If a couple is married with the accrual system, the spouse’s pension fund interest will be taken into account when determining the value of his estate for the purposes of the accrual calculation, and a claim can be laid to a portion of the retirement fund.
Marriage out of community without the accrual before 1 November 1984
In respect of spouses married out of community of property before 1 November 1984, each spouse retains their own separate estate and there is no sharing of assets. However, because those entering into marriage contracts prior to 1 November 1984 did not have the option of the accrual system, the courts may consider a ‘redistribution of assets’ in the event of divorce. In terms of Section 7(3) of the Divorce Act, a court may order a redistribution of assets where it feels that it is equitable and justifiable to do so. The spouse seeking a redistribution order must demonstrate that she contributed directly or indirectly to the maintenance or increase in her spouse’s estate during the marriage, although it is not necessary for her to show exactly which assets she contributed to. The court will also take into account the existing financial means and obligations of each spouse and is required to use their discretion when contemplating a fair redistribution of assets. Bear in mind that a spouse’s pension interest may form part of the redistribution order.
Marriage out of community without the accrual after 1 November 1984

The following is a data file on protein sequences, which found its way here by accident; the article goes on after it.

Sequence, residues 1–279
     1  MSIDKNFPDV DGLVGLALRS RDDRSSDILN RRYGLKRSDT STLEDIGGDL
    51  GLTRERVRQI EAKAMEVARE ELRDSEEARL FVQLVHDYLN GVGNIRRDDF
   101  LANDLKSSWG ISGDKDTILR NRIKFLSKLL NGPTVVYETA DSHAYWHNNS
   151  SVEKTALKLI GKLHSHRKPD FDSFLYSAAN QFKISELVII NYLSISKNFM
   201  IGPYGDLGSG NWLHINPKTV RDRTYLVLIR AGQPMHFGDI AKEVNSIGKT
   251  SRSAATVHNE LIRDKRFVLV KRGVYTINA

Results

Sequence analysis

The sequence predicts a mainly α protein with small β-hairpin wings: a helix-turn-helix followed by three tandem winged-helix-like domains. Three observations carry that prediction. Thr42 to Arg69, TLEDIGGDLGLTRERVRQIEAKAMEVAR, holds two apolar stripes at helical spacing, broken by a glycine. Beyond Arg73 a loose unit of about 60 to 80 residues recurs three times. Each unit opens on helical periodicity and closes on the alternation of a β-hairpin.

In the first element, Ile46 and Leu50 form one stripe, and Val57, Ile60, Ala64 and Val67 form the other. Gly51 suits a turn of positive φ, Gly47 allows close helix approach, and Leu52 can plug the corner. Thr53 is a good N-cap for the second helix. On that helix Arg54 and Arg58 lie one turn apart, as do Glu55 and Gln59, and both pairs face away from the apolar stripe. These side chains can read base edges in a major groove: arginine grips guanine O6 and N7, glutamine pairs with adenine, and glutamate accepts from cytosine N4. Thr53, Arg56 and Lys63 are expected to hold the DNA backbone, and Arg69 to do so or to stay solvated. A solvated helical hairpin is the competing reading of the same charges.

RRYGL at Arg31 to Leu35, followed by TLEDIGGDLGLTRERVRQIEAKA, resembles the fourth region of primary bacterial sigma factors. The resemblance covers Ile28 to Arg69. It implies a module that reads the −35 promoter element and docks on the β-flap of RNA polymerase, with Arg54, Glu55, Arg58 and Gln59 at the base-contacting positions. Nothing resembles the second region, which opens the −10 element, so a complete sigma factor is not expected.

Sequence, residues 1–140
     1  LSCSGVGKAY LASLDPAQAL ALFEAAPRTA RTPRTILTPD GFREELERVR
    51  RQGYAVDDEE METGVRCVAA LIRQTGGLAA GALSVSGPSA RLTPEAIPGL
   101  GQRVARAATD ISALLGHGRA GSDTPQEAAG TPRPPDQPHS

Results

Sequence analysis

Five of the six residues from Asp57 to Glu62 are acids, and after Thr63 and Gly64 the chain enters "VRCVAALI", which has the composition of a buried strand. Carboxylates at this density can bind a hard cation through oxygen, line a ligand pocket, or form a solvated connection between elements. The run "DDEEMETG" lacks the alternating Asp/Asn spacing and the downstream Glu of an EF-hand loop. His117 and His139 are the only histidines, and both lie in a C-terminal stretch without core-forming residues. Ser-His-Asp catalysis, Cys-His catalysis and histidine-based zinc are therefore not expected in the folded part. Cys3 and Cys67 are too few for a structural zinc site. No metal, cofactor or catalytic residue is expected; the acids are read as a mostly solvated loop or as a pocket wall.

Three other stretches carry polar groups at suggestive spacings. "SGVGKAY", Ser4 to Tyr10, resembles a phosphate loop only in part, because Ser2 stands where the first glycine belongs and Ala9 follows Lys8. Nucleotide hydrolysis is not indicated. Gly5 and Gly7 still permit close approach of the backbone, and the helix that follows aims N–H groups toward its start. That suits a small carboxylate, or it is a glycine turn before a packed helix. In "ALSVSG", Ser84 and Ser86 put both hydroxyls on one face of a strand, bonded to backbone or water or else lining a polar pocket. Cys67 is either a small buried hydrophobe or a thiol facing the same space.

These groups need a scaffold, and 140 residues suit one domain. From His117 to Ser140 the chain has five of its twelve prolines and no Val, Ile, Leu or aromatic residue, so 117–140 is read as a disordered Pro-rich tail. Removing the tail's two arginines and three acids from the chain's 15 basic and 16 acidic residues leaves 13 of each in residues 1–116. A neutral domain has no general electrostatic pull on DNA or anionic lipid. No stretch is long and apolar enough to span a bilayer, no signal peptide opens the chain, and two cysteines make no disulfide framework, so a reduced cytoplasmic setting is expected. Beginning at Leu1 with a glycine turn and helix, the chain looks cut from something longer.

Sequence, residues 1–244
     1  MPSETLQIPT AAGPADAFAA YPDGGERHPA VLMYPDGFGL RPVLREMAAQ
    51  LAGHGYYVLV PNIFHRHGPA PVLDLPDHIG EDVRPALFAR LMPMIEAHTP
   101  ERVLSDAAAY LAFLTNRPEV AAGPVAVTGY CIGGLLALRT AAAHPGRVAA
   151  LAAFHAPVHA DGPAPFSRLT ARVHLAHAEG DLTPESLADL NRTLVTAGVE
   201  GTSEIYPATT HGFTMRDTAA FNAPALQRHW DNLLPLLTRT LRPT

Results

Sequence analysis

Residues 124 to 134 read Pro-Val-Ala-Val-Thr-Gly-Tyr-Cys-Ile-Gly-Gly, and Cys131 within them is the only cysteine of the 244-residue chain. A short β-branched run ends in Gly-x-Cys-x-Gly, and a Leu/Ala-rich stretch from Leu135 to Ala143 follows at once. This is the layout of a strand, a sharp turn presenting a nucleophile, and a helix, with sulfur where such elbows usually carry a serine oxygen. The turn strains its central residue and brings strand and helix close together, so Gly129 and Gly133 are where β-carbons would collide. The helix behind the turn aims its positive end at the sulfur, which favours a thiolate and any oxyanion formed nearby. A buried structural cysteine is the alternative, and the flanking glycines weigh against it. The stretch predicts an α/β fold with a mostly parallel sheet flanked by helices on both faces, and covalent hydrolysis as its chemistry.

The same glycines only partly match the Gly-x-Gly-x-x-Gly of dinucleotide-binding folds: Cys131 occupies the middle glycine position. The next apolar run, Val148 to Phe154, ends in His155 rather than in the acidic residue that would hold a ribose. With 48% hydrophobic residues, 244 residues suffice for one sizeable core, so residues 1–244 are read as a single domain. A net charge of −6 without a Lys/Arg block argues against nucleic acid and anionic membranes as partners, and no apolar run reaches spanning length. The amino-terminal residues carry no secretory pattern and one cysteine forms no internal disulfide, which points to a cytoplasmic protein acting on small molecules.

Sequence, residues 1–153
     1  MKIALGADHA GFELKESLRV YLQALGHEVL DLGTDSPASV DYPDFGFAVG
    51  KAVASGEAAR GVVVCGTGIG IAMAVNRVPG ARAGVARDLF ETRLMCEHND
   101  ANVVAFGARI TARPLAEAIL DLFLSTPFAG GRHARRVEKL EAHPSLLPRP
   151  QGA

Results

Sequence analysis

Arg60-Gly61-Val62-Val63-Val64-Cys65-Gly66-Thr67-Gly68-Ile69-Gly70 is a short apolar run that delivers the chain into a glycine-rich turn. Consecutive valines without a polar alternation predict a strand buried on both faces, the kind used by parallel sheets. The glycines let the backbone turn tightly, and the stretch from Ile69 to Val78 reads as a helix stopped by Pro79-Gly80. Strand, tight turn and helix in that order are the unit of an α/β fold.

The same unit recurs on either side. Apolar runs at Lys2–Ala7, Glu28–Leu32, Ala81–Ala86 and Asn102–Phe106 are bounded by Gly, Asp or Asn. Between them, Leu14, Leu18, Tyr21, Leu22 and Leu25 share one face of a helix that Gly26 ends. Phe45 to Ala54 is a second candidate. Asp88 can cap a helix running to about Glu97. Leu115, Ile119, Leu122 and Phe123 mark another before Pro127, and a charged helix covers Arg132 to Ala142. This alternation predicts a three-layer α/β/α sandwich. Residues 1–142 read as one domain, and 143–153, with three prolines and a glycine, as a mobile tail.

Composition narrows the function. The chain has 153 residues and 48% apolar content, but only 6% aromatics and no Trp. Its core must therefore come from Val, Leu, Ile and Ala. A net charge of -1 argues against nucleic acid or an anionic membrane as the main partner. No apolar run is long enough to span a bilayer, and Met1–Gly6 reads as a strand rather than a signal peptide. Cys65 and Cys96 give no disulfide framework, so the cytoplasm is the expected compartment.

Where a couple is married out of community of property after 1 November 1984, they are deemed to have expressly excluded the accrual system and, as such, each spouse is deemed to keep a separate estate over which they have absolute control and independence, and there is no redistribution of assets on divorce. In the event of divorce, each spouse keeps his/her own estate, plus all growth in their respective estates that occurred during the marriage, less any losses. Further, each spouse remains responsible for their own debt, and the other spouse cannot be held responsible. Any share in the pension interest must take place by mutual consent, or in terms of a settlement agreement as a personal obligation. The claim a spouse may institute would be for spousal maintenance.
When it comes to dividing assets in the event of a divorce, there is always the question of whether a trust constitutes part of a spouse’s personal assets and therefore part of his personal estate. Generally speaking, our law is of the view that trust property should not be considered part of a spouse’s estate for the purposes of dividing assets on divorce because the trustee is not the owner of the property, but is merely someone who holds property for the benefit of others (i.e. beneficiaries). However, this area of law is not clear cut, and there are circumstances in which trust property can be considered upon divorce, especially in circumstances where there is misuse or abuse of a trust. The court will seek to determine whether the spouse is using the trust as an ‘alter ego’ trust or a ‘sham trust’ by looking at whether the entity is a trust in the real sense, who controls the trust property, when the trust was created, and what the intention of the founding donor was when creating the trust.